For ten years, Davey O. has built slowly on his career. With four CD’s under his belt, he has learned to eliminate what is cliché or unnecessary and leaves only what is pure. In a review of Davey’s previous CD, “thirtyninedollarview”, we suggested and hoped that a new CD would quickly come, and now “The Long Way Home“ has arrived.
Of the four songs written for “thirtyninedollarview“, Davey revisits "No Use", with a full band arrangement of a song on which it was clearly noticeable that the folky Americana that Davey brings in the first place are of well telling texts (lyrics), of a depth typically found on the records of much larger name artists.
Producer/guitarist J. Winston Mikulski, while on the previous CD was Davey’s only companion, now gets a lot of help to create a diverse, fuller sound. That help comes from Geoff Perry and Joe Rozler, respectively on violin and keyboards on single numbers, “Niagara“ and “You Won‘t Believe“.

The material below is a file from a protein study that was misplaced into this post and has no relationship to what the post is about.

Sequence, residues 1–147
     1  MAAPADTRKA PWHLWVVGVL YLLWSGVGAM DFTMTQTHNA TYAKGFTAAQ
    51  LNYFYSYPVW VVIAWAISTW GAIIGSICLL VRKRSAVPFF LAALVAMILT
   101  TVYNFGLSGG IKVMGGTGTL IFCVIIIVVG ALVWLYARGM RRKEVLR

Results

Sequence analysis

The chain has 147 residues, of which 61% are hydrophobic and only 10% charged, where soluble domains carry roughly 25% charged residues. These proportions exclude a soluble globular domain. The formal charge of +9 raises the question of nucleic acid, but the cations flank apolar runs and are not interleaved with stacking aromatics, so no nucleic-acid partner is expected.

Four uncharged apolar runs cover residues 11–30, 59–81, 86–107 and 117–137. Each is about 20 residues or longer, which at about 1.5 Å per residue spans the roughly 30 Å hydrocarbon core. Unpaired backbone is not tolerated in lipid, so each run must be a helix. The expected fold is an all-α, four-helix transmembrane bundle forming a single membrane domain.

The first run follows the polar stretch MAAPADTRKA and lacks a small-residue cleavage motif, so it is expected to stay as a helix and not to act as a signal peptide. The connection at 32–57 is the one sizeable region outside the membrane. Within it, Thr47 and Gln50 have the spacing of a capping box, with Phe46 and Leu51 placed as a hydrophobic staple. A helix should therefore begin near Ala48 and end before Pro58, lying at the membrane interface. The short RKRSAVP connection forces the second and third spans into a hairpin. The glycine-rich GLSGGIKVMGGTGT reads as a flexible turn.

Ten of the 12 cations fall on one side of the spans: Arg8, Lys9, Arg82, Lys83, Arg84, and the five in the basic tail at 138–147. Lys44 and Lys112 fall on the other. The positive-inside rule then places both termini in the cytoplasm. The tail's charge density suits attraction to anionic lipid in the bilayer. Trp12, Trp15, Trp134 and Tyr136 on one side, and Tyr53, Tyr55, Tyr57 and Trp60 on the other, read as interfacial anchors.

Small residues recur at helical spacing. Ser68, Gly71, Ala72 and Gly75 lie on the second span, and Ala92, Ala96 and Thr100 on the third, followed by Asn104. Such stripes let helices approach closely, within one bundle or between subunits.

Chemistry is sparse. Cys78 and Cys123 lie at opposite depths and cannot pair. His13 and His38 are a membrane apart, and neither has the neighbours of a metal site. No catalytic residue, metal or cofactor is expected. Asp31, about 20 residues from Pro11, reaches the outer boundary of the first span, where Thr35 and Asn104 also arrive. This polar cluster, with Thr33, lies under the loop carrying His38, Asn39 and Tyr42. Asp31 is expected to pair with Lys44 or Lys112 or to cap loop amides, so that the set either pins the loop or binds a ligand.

Davey's voice resembles that of Don Henley, so that you quickly get what could be described as capturing an "early" Eagles sound. Combined on single numbers with harmonica reminiscent of Neil Young, you get a delicious sound, homogeneous of Folk and Americana numbers.
Davey opens “The Long Way Home” with the immediately strong number, "You Won' t Believe" with harmonica and banjo that stay in your head and only strengthen the simple refrain., "You make me smile, smile, smile, like you won‘t believe". In this, the simplicity is so beautiful. The strong "The Deed Is Done" or the introverted "Along For The Ride" are songs that you will listen to again and again.